6
$\begingroup$

To show that : $\mathbb{Q}$ is countable

Set $A$ is said to be countable if there exists a bijection from $A$ to $\mathbb{N}$. Every countable set is infinite.

Further I have proved the following results:

  1. Set $A$ is finite or countable $\iff$ $\exists f:N\to A $ a surjection $\iff \exists g:A\to N$ an injection.

  2. Let $f:S\to T$ an injection where $T$ is countable and $S$ is infinite, then $S$ has to be countable. This result follows directly from 1.

$\mathbb{Q}= \{p/q \; | \; p\in Z,\; q\in N, (p,q)=1\}$

define. $f:\mathbb{Q}\to \mathbb{Z} \times \mathbb{N}$ as the identity map which is an injection too.

Now, $\mathbb{Q}$ is infinite as $\mathbb{N}\subset \mathbb{Q}$ and $\mathbb{N} $ is countable.

Also $\mathbb{Z}\times\mathbb{N}$ is countable as $\mathbb{Z}$ and $\mathbb{N}$ are countable and using the fact finite product of countable is countable.

Hence by 2. above $\mathbb{Q}$ is countable.

Is this proof okay?

$\endgroup$
  • 1
    $\begingroup$ This looks ok to me. In fact you can even inject directly into $\mathbb N$ via stuff like $(p,q)\mapsto 2^p3^q$. $\endgroup$ – zwim Sep 11 '19 at 20:14
  • $\begingroup$ @zwim $p$ can be negative. One could do $(p,q)\mapsto 2^q3^p$ if $p\ge0$, $2^q5^{-p}$ if $p<0$. $\endgroup$ – egreg Sep 11 '19 at 20:24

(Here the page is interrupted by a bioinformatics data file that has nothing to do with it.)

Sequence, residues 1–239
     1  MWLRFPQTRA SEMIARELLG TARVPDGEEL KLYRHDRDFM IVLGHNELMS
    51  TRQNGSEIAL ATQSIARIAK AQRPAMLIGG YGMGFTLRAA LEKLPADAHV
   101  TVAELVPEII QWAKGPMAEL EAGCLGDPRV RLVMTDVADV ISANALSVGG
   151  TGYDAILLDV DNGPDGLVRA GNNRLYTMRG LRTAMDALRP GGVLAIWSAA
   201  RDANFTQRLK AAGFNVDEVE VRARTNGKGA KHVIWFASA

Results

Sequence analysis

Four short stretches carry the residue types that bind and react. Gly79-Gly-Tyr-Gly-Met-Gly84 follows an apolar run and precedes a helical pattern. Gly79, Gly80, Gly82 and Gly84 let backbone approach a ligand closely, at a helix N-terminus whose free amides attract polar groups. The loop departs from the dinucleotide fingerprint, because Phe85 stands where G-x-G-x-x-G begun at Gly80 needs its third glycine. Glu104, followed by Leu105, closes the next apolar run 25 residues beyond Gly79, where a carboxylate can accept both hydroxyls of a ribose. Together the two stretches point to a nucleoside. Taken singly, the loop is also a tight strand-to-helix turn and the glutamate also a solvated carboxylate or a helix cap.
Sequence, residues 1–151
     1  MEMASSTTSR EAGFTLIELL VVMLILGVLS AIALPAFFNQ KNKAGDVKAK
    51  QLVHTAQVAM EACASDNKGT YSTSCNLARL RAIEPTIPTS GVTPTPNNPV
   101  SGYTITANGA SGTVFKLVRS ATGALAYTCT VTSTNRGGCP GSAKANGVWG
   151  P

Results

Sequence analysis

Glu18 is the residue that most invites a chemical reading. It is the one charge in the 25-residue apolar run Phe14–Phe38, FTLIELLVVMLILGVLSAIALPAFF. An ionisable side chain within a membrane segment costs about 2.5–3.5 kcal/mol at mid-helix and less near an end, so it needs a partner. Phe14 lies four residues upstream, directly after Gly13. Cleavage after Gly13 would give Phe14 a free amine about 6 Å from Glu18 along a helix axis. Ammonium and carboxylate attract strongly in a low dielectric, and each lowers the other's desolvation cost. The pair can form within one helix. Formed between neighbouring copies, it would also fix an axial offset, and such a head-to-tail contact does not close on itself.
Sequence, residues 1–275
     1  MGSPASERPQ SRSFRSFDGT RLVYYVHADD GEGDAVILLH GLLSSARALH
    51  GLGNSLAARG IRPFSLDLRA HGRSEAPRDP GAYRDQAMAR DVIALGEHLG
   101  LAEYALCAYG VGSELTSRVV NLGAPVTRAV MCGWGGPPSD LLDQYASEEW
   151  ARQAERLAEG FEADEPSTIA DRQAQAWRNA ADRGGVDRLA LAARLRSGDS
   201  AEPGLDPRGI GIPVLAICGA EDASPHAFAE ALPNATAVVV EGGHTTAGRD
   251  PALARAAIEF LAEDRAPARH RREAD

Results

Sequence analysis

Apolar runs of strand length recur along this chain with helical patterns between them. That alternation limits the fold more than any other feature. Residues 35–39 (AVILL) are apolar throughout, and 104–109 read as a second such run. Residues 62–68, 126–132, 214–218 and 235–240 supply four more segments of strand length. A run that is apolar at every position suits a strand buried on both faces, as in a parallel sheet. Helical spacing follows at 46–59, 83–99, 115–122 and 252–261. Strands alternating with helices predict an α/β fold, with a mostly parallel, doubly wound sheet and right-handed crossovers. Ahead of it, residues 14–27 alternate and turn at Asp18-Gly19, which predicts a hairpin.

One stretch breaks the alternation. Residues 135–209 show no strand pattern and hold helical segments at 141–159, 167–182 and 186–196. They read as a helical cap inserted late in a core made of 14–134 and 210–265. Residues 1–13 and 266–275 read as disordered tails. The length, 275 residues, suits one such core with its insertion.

• $\begingroup$ You can also consider the Stern-Brocot tree that is obviously countable and contains every positive rational. $\endgroup$ – egreg Sep 11 '19 at 20:29
  • $\begingroup$ just want to know if my method above is correct or not $\endgroup$ – Abhay Sep 11 '19 at 20:45
  • $\begingroup$ Basically, yes. The one tiny flaw is that you need to choose a canonical way of expressing a rational. Just requiring $q \gt 0$ solves the problem. $\endgroup$ – Robert Shore Sep 11 '19 at 21:00
0
$\begingroup$

Alternate proof.
As |Q| <= |Z×Z| and the latter is countable, Q is countable.
Since Q is infinite, it is countablely infinite, hence equinumerous to N.

$\endgroup$

Your Answer

By clicking “Post Your Answer”, you agree to our terms of service, privacy policy and cookie policy

Not the answer you're looking for? Browse other questions tagged or ask your own question.